A partnership between the Woodland Trust and the National Trust

Chicken of the woods

After a Hot July … What Next?

After the warmest July on record* there are signs that autumn is on the way at Fingle Woods. Not wishing the good summer weather to end, these seasonal changes are now visible and inevitable. While the colourful spring wildflowers are a fading memory, nuts and seeds are swelling, berries are bursting and fungi flaunt a wealth of forms. To capture this intoxicating transition we will be posting photos from around the woods as the telltale clues reveal themselves.

First on the list is  a bright and colourful bracket fungus. Commonly known as Chicken of the Woods, the Laetiporus sulphureus or sulphur polypore stands out with its orange and lemon shades emerging from decaying hardwood trees, often on oak. Many references say that the Chicken of the Woods is edible but others suggest it may cause problems with digestion, so perhaps it might be best to enjoy the visual treat and leave it on the tree for others to share.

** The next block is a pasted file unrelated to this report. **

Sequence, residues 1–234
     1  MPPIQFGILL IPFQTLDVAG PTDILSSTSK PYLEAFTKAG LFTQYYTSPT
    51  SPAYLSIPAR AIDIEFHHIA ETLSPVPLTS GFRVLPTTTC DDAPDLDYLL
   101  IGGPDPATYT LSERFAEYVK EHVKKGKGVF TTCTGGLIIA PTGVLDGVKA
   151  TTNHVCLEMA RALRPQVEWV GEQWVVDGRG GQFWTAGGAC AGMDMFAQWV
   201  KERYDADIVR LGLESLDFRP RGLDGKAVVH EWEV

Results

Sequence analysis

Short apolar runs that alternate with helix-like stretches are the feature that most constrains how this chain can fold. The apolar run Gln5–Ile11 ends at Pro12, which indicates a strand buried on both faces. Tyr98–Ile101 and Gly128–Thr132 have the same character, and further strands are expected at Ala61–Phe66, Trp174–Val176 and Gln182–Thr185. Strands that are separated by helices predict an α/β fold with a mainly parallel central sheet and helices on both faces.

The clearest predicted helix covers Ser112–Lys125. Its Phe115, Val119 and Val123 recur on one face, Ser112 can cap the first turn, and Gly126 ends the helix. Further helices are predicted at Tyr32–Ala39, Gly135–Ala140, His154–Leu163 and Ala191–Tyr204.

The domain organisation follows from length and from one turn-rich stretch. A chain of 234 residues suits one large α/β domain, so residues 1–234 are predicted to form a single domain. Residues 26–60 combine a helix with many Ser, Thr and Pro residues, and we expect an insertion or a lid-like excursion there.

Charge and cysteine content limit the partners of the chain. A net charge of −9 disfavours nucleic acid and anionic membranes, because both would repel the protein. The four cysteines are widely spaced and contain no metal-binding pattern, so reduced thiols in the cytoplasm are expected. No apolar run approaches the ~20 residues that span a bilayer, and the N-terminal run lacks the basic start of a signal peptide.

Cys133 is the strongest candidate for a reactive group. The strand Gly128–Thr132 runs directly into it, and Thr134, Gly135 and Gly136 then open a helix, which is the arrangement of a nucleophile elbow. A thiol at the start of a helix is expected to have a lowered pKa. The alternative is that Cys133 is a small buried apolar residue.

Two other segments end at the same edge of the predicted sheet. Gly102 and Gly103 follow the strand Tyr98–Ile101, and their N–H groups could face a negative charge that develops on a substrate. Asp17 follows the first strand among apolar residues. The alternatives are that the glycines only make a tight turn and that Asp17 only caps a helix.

Chicken of the Woods emerging from an old oak

Chicken of the Woods emerging from an old oak

chicken of the woods3

If you see any signs of autumn in the woods, we’d love to post them on this blog and share them with the other readers. Please email them to … finglewoods@woodlandtrust.org.uk

(*) NASA’s Earth Observatory – global temperature record

by Matt Parkins

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